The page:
1. Rudolph the Red-Nosed Reindeer
As long as we're capitalizing on valuable properties like How the Grinch Stole Christmas and A Christmas Story, we might as well at least think about Rudolph. I don't know anyone who hasn't seen the classic Rankin/Bass stop-motion movie, and if there's an American kid over the age of 3 who doesn't know all the words to the song, I would like to know how. The score of the Rudolph musical would include the Gene Autry song, the catchy tunes from the film, and hopefully some really good original songs that could become new holiday classics (I would love a Bumble-centric number myself).
How would you create the characters from the Rudolph world, many of whom are animals and toys? Have you ever seen the stage musical version of The Lion King? The puppetry involved is nothing less than awe-inspiring, and that style deserves another application. Instead of a stampede of African animals coming down the aisles, imagine a parade of misfit toys. Now that's what I call some Christmas magic.
2. The Nightmare Before Christmas
What I love about this movie is that it puts a new spin on the Christmas aesthetic and lets us examine our Christmas traditions through new eyes. It's already a musical film, so the score has some great source material to start with. And the vividness of Halloweentown and Christmastown are a set designer's dream. The only potential problem would be translating impossibly proportioned characters like the rail-thin (literally) Jack Skellington into a live performer. But it really isn't as difficult as it seems (see Disney World's go at it).
Christmas is dominated by genuine, wholehearted joy, cheer, and jolliness. The Grinch comes close to presenting a counterpoint to this sentiment, but he is a one-sided, cartoonish stab at it. The melancholy twist of Nightmare is a refreshing spin on the holiday story and a live musical version would have throngs of emo teenagers banging down the stage doors from October through December (longer than most holiday shows can run). Let's make it happen and give Tim Burton fans a reason to rejoice while they wait for the Beetlejuice sequel.
3. The Elf on the Shelf
You found him in the Christmas tree. You found him in the dog bowl. You found him in the liquor cabinet. Why not find this creepy little character that children inexplicably love in a live show? Considering the success of Elf the Musical, there is no doubt an audience for Santa's little helpers. The story could center on a family who adopts an elf and eagerly awaits the daily search for their little friend until one child decides to test its magical limitations by touching it, thereby stripping it of its power to fly back to the North Pole each night. The resulting quest to restore their elf's magic and get the children back on the nice list has the potential for epic status.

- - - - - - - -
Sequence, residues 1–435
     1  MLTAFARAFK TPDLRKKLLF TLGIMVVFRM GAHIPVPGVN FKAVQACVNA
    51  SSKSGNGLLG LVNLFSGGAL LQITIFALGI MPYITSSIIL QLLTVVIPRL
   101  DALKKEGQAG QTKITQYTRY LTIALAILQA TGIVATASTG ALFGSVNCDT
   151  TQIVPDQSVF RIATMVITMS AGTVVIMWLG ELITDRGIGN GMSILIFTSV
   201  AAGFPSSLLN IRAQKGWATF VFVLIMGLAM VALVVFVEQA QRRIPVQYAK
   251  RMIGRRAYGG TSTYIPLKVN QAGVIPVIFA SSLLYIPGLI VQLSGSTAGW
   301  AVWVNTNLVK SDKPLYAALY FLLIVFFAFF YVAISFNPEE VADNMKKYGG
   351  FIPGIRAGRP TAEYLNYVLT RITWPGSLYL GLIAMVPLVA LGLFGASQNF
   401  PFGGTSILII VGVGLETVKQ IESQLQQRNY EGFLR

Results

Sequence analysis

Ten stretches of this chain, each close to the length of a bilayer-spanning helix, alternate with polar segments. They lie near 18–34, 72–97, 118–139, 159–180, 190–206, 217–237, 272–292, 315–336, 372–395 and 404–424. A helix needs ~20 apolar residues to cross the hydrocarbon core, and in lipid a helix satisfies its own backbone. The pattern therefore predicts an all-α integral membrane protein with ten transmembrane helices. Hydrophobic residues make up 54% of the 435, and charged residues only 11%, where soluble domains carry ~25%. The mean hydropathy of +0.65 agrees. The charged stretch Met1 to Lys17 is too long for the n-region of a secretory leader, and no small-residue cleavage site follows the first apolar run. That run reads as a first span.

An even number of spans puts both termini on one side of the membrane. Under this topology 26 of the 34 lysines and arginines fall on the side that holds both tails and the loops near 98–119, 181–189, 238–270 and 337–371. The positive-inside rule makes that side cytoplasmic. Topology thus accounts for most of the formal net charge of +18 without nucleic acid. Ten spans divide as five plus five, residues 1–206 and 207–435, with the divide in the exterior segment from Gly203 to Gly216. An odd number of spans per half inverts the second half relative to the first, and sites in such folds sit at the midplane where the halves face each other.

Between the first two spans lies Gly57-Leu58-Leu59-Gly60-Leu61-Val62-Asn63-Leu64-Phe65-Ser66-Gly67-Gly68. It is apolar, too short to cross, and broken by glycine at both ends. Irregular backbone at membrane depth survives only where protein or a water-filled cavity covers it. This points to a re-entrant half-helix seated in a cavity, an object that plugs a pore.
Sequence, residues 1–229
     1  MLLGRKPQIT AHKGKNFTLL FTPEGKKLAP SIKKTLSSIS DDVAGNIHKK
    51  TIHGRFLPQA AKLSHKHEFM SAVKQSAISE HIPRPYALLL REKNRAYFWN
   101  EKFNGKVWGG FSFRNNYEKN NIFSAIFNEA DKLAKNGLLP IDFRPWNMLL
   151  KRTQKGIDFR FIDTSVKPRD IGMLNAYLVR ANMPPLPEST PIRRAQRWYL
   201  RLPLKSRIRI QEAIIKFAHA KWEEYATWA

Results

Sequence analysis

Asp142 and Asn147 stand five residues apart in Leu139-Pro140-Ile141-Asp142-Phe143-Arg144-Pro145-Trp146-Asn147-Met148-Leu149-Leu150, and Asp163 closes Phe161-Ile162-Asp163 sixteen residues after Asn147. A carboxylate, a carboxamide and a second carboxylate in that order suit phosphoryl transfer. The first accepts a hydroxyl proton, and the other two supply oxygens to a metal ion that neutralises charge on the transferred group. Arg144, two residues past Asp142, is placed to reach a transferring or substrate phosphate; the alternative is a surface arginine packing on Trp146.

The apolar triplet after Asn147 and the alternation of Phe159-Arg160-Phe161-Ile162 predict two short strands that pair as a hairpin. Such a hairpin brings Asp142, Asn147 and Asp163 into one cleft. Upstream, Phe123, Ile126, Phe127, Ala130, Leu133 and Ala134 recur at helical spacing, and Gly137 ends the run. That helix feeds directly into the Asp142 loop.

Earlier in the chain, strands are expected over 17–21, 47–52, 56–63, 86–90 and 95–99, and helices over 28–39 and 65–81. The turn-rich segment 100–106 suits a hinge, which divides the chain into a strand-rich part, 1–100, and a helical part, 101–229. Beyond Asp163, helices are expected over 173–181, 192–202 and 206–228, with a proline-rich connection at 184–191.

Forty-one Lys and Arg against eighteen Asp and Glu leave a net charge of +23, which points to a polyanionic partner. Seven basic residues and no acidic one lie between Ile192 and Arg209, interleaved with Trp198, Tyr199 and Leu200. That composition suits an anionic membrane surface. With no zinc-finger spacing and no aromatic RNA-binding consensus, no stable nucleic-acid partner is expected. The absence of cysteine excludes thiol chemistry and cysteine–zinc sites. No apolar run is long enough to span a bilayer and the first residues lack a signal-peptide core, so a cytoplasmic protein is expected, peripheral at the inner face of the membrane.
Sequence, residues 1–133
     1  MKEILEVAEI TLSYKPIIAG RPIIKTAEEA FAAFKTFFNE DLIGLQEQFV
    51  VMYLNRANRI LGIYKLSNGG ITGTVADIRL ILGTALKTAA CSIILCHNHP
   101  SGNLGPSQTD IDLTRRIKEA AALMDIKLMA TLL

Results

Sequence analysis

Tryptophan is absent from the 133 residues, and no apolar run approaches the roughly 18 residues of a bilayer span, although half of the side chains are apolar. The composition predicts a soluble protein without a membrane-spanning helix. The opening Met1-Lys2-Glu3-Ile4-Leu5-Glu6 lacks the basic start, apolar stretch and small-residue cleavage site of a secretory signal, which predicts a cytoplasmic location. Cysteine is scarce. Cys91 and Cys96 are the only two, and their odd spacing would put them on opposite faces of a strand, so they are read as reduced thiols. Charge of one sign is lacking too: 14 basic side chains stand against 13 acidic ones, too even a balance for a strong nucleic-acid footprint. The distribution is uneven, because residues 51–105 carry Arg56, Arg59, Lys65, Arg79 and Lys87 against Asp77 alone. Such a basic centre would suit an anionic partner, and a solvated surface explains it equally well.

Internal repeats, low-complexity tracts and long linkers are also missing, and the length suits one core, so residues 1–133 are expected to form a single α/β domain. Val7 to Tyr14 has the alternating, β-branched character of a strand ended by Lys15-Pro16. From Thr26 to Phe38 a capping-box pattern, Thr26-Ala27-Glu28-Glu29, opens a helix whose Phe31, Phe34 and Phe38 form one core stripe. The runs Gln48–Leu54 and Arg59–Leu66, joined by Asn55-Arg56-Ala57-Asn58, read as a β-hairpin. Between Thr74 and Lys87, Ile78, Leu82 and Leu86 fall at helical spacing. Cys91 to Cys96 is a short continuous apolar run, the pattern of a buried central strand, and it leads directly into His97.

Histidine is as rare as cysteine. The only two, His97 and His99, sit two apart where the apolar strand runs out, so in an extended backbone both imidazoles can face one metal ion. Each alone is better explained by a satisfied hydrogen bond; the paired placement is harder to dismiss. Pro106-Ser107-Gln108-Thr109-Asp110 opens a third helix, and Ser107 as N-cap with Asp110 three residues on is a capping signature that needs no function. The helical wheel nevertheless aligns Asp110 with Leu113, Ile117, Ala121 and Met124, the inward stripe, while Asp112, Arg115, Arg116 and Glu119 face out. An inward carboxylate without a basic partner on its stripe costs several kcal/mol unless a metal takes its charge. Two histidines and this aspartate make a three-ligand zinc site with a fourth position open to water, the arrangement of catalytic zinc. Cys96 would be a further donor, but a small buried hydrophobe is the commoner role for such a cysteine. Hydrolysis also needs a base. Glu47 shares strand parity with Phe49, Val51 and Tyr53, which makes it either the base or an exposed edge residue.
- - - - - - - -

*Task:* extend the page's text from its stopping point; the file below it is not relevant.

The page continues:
Casting this show correctly would be crucial to its success. Alan Cumming (Cabaret) has the quirky edge to play the elf and the musical chops to perform a stirring lament about losing his Christmas magic. Ashley Brown could use her Mary Poppins experience to portray the matriarch of the family while Patrick Page (no stranger to holiday musicals after playing The Grinch himself on Broadway) could deliver a delightful performance as the curmudgeonly father skeptical of whimsical holiday traditions.
4. Frosty the Snowman
Right up there with Rudolph, Frosty is one of the most popular holiday characters (and what happens when they team up is legend), although the lyrics to his song aren't quite as ingrained in young minds (the second half eludes me...) In any case, his snow-centric story has more of a generic "holiday" appeal than more strictly Christmas-oriented traditions, so the potential audience is even bigger. Who isn't enchanted by a good winter wonderland?
As far as execution in a live show, I imagine Frosty himself being made up like the title character in Shrek the Musical. The stuffed fat suit and prosthetic makeup would make a fine snowman (and would be a heck of a lot more durable than snow). The story is maybe a little thin, but perhaps a two-hour show could incorporate elements from Frosty Returns (after intermission) as well. And the finishing touch: dust the audience with real snow (you gotta have a gimmick).
5. Grandma Got Run Over By a Reindeer
There are some people who absolutely can not stand this song. But controversy can be a very good thing in the entertainment business (whether you love it or hate it, you've definitely of it, haven't you?). I never would have imagined this as a fully fleshed out story if it weren't for the 2000 animated special that actually built a world around the Elmo 'n' Patsy hit. I was skeptical when I heard about it, but I have a soft spot for holiday specials, so I actually enjoyed it.
The campy nature of this song calls for a similarly stylized treatment in a stage show. Finding out what really happened to Grandma is a hook that could really work. I think it would do well by taking a note from A Gentleman's Guide to Love and Murder, a playful mystery caper musical with very colorful characters. Younger children would love the wacky characters and goofy situations, and maybe there could be some artfully hidden innuendo to unexpectedly delight the parents (like all good kid shows have).
Which of your favorite stories would you like to see as the next holiday musical? Let us know in the comments!